“Having China and Russia in the room now is a very different question than it would have been a decade ago,” he said. “It is very difficult now for any of these large-scale summits to avoid the major issues of the issues of the day, and these major issues are very polarizing — the war in Ukraine, tensions in the Indo-Pacific, even climate policy — the things that are both at the top of the global agenda but also very difficult to address.”

Russian President Vladimir Putin and Chinese President Xi Jinping will not be attending the G20 themselves, instead sending lower-level officials.

Russia and China did not indicate why their leaders were not attending, but neither have traveled much recently and both seem to be putting a greater emphasis on the more like-minded BRICS group of nations: Brazil, Russia, India, China and South Africa. That group agreed at its summit last month to expand to include Iran, Saudi Arabia, the United Arab Emirates, Argentina, Egypt and Ethiopia.

China’s relations with India continue to be strained over ongoing border disputes, but despite the decision to send Premier Li Qiang instead of Xi, Modi and Xi did discuss the issue face-to-face at the BRICS summit and China’s Foreign Ministry said Beijing considers India-China relations “generally stable.”

Along with its membership in BRICS, India has historic ties with Moscow but is also on good terms with the U.S. Modi is hoping to use his country’s influence to bridge gaps between the wealthy nations that have been standing together to sanction Russia over the Ukraine war and the Global South.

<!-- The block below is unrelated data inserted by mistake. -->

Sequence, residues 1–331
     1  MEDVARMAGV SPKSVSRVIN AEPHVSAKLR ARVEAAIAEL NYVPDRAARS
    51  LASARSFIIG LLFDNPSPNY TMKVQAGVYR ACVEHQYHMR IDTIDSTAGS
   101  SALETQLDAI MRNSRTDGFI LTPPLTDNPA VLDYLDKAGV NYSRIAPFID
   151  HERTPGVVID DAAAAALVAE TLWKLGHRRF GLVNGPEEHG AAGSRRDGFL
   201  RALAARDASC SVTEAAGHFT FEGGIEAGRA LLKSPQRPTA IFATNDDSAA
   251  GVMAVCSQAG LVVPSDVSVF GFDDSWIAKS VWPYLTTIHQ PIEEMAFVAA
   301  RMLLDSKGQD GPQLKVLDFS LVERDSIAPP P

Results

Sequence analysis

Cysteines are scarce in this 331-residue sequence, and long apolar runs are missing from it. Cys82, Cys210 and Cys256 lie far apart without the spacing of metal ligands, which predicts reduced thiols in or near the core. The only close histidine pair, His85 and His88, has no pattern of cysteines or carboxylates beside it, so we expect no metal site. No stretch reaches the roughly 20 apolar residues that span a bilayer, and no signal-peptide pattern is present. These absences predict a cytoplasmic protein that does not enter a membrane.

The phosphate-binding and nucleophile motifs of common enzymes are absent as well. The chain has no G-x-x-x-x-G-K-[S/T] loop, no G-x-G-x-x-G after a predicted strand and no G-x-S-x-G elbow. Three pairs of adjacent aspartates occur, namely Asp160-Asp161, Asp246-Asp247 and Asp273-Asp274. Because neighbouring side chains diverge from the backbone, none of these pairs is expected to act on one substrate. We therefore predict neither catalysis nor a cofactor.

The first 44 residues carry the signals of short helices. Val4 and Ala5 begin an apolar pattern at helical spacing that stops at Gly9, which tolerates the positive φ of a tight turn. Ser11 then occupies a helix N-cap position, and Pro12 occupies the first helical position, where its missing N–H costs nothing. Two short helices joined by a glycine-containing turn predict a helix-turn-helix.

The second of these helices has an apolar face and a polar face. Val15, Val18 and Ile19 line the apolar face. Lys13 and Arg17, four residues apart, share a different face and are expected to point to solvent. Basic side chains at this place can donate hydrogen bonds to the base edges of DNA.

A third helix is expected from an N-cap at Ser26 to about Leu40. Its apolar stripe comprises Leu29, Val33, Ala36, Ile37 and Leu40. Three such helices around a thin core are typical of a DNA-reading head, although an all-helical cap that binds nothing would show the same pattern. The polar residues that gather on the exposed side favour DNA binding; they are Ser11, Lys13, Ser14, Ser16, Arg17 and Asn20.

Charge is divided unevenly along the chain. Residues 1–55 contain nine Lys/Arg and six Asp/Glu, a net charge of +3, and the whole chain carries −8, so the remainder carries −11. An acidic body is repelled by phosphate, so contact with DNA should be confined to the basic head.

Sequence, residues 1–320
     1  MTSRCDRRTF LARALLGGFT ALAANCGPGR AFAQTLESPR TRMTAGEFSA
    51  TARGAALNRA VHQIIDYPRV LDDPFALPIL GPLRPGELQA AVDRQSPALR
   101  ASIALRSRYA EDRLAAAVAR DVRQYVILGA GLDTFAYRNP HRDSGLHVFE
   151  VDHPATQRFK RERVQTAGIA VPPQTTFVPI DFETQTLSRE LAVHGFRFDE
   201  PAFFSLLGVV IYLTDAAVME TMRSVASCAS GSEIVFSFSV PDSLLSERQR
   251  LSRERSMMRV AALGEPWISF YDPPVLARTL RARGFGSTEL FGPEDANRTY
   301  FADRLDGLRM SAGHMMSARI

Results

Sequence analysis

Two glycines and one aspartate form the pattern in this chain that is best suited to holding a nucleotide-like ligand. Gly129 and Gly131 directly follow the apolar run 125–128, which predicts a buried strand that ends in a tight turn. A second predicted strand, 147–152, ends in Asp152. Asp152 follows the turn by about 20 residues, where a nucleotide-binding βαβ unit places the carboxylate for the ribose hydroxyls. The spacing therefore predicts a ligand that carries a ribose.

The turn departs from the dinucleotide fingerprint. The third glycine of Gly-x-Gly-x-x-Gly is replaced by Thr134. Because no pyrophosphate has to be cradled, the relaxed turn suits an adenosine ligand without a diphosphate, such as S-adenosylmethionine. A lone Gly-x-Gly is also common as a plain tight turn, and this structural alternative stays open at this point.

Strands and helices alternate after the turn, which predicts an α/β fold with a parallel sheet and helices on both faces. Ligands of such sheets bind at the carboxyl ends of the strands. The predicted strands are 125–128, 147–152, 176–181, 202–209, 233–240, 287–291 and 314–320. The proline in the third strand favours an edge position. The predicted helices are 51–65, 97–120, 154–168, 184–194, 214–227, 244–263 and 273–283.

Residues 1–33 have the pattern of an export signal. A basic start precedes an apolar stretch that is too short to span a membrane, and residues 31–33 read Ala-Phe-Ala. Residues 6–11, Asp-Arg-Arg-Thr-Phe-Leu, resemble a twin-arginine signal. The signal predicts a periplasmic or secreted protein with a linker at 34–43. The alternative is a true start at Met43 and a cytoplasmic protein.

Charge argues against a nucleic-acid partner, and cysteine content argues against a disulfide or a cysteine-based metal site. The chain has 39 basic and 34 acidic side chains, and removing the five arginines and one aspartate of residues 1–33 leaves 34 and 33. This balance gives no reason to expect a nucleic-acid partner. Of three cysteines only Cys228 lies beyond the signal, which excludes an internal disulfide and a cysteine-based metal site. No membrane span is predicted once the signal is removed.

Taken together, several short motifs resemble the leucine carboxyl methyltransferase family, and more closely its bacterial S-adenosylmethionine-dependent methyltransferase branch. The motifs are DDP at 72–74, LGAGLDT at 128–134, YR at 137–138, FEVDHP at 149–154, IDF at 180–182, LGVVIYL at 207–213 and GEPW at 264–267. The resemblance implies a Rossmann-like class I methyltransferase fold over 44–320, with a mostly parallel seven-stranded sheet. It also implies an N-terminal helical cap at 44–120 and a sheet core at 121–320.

About half of the G20 countries are found in the Global South — depending on how one defines it — and Modi hopes to add the African Union as a bloc member.

In preparation, he held a virtual “Voice of the Global South” summit in January and in working groups has targeted issues critical to developing nations, including alternative fuels like hydrogen, resource efficiency, developing a common framework for digital public infrastructure and food security.

“For the Global South, India’s presidency is seen as an opportunity with immense potential to address developmental needs, particularly as Brazil and South Africa are set to take over the presidency of the G20 from India in 2024 in 2025 respectively,” Hussain said.

U.S. National Security Adviser Jake Sullivan told reporters before Biden’s departure that the president supported adding the African Union as a permanent member and that the president hoped this summit “will show that the world’s major economies can work together even in challenging times.”

The U.S. will also focus on many of Modi’s priorities, including reforming multilateral development banks, especially the World Bank and International Monetary Fund, to help developing countries, Sullivan said. Biden will also call for “meaningful debt relief” for low- and middle-income countries, and seek to make progress on other priorities including climate and health issues.

Without Xi and Putin present, some have suggested it could be more difficult reach meaningful agreements, but Hussain said it may be an opportunity for Modi to focus more on India’s G20 priorities.

“While a yearlong presidency cannot solve all the problems of the Global South, India has managed to set the ball rolling on some of these issues, and individual G20 countries can carry forward the work,” she said.